I should add, as many noble Lords recognised in the exchanges following the Statement repeated by my noble friend on Monday, there needs to be certainty. Local authorities, councillors, candidates and those who interact with local authorities need to be clear as to when the deferred elections will take place.
Having explained why we have brought the Bill forward, perhaps I may briefly explain its provisions. Clause 1, which applies to England and Wales, has the effect of postponing the ordinary local elections that were due to take place on 3rd May 2001 until 7th June 2001. It also, as I have indicated, provides that any local government by-elections to fill casual vacancies that would have been held within the period of the deferral will also take place on 7th June.
There are also a number of consequential provisions. The clause provides that candidates who were validly nominated before the nominations closed for the elections on 3rd April, two days ago, will remain validly nominated for the new elections without the need to submit fresh nomination papers.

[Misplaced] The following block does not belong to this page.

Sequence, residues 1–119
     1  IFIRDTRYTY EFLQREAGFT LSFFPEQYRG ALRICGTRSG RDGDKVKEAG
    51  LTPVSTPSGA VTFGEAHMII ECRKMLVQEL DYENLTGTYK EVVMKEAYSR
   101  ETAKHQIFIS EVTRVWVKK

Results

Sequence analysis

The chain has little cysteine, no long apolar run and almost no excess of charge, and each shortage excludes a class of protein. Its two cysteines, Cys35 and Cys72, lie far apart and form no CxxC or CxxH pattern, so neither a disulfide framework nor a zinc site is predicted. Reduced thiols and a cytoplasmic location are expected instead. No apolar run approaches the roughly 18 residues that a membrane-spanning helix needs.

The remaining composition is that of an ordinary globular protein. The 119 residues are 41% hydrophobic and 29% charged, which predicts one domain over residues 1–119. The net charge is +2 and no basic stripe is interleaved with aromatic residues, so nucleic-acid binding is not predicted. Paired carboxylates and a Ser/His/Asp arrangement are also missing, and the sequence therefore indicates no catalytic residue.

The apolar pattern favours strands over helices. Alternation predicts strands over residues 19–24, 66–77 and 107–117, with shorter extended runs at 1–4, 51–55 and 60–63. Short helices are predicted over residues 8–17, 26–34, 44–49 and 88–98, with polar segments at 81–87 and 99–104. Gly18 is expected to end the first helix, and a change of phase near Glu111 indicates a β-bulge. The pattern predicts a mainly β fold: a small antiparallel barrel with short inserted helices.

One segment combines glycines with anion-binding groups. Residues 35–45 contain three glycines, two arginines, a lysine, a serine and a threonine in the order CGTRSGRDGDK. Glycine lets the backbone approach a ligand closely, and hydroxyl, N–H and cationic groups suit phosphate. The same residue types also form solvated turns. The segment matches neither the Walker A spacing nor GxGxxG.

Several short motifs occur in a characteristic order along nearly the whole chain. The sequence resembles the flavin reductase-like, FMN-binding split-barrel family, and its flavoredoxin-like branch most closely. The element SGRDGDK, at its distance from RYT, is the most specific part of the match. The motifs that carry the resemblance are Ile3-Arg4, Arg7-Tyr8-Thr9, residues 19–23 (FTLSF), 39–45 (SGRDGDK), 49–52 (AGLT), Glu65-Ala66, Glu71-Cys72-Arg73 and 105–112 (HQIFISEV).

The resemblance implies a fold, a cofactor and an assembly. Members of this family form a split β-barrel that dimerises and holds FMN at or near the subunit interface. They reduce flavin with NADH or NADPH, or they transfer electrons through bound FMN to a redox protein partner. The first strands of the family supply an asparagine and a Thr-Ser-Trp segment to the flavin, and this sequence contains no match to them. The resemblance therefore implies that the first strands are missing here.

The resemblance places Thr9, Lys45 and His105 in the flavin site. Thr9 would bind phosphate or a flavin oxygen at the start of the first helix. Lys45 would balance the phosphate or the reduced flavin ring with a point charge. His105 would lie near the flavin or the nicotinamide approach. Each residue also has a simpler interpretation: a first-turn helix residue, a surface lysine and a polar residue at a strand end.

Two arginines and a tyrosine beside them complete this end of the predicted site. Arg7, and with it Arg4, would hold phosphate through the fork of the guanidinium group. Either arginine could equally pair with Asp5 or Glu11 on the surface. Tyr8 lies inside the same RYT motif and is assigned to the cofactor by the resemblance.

However, candidates will have until 15th May to withdraw their nomination papers if they do not wish to contest the elections on the new date, and it will be possible for anyone else to submit nomination papers by 10th May. These dates are calculated, with reference to 7th June, using the normal local election timetable. For the sake of completeness, I should say that the closing date for postal vote applications will be 5 p.m. on Wednesday 30th May.
We recognise that even though, as I have just said, nominations for these elections only closed on Tuesday, after it had been announced that they would be postponed, some candidates may have already printed their leaflets. It is possible that some of these may be redundant: if, for example, they said something like "Vote Bassam on 3rd May"--it has never happened before, but one never knows. In recognition of this and of the fact that the campaign period will inevitably be longer than normal for the elections on 7th June, the election expenses limit for each candidate is raised by 50 per cent.
Much of the rest of the Bill, including the schedule, relates to Northern Ireland. The purpose of these provisions is to provide that if the general election and local elections fall on the same day, the polls in Northern Ireland can be combined, as they are on the mainland. Let me hasten to say to your Lordships that I am making no statement or prediction about the likely date of the general election. That is a matter for my right honourable friend the Prime Minister.